- Largemouth Bass – Late April and early May weather can be a little unstable at times. Afternoon showers can bring sudden changes to bass feeding behavior. The bass spawn is mostly over in central Georgia so look for bass feeding in early morning and late evening on schooling shad. Threadfin are spawning this time of year so especially look for bass in early morning schools of shad. Successful anglers mimic lethargic shad by casting jerk baits and crank baits. Mid-day can produce some big bass, but look for these big fish in deeper water (10-15 ft.). Submerged timber and rock beds are popular targets when seeking bass. Remember bass are extremely aggressive this time of year. This aggressiveness is very beneficial for anglers seeking “lunkers.” Many techniques can be used this time of year. Texas rigs, crankbaits, slow and fast fishing, shallow and deep just about everything is working this time of year! Look for bass to mainly be in 5 to 10 feet of water. Bass will be occupying a variety of habitat from flooded timber to shallow points. REMEMBER – Schooling shad in the morning are often good targets while targeting rocky banks and points on windy days. Anglers should also consider targeting big bass after rain events. Muddy water typically will move bass into shallow water looking for forage fish.
- Crappie – The crappie are now most aggressive in early evening, crowded around submerged timber in deeper water. Anglers should see a slight change as crappie become a little less aggressive the later part of April. Flooded timber is the preferred habitat and the most popular bait is live minnows and yellow jigs. Try fishing cover approximately 10-12 feet throughout the day, especially in the evening. However, crappie can also be found hanging around rock piles and edges. Reports of anglers catching crappie ranging in size from one to two pounds are numerous this time of year. Yellow jigs and live minnows remain the most popular baits for anglers targeting crappie. The best thing about crappie this time of year is they remain aggressive throughout the day. Crappie will remain one of the most sought after fish – at least through April. Do not be surprised if the stringer fills quickly!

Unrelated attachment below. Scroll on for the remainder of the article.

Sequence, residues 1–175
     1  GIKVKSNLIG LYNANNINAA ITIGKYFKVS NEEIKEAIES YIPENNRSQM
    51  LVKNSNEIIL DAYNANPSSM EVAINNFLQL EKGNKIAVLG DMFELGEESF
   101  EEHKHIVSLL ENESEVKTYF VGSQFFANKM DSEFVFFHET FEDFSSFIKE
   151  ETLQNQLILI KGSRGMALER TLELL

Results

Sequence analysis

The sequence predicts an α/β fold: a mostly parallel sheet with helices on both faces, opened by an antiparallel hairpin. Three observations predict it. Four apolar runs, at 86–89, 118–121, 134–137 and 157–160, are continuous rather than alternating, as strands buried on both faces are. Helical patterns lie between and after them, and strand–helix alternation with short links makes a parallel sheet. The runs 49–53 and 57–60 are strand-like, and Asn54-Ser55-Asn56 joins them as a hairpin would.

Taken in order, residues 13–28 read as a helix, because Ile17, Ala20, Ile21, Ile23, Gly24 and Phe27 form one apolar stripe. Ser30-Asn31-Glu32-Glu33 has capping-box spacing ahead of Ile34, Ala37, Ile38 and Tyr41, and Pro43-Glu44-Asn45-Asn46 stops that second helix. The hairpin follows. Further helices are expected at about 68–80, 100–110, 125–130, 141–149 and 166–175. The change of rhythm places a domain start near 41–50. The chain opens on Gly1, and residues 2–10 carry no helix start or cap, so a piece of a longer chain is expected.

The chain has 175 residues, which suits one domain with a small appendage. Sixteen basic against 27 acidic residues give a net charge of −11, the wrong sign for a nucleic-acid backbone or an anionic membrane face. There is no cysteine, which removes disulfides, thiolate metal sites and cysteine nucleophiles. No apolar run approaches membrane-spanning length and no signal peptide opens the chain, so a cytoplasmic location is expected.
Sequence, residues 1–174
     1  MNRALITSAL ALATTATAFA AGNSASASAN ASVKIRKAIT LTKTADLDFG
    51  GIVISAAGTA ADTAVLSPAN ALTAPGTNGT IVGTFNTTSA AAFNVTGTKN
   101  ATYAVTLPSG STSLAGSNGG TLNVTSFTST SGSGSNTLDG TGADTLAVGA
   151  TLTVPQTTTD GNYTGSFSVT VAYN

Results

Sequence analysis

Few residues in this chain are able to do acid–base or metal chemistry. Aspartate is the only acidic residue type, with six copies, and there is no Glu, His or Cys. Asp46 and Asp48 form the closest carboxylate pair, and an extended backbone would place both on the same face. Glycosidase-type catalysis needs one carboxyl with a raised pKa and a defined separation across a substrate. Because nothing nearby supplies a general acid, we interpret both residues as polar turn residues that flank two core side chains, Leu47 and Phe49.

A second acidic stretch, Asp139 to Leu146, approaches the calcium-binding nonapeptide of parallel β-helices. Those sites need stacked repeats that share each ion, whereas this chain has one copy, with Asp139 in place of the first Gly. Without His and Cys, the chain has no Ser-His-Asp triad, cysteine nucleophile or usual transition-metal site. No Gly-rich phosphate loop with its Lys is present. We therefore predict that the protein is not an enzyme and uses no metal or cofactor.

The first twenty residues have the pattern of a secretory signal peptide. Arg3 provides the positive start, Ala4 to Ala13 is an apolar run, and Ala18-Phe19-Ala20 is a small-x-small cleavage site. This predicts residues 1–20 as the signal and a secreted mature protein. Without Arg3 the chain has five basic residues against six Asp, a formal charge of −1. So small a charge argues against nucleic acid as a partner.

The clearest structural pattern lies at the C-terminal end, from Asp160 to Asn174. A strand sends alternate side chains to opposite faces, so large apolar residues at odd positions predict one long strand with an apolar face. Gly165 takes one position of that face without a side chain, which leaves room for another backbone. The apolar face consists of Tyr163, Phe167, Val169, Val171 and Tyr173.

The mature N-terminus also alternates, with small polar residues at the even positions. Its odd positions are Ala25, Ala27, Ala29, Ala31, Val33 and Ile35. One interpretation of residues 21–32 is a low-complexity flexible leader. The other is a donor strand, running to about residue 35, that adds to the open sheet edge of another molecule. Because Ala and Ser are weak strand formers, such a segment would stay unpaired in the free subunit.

- Bream – Look for bream fishing to really pick up, especially as water temperatures rise. Typically, anglers will notice shellcracker being the most dominant catch followed by bluegill. But if you are like me, any big bream is good!! Look for these fish in 5 to 7 feet on sandy bottoms. Anglers can find this easily by walking the banks. Worms and crickets remain the bait of choice by most anglers. Bream can be caught throughout the day, but most anglers find midday typically the best time. Look for bream to be the most aggressive during the spawn while protecting their territory. Reports of shellcracker weighing over a pound are not uncommon this time of year. If it is quiet on the lake, that means the fish are biting. Rarely does one give up their favorite fishing spot!!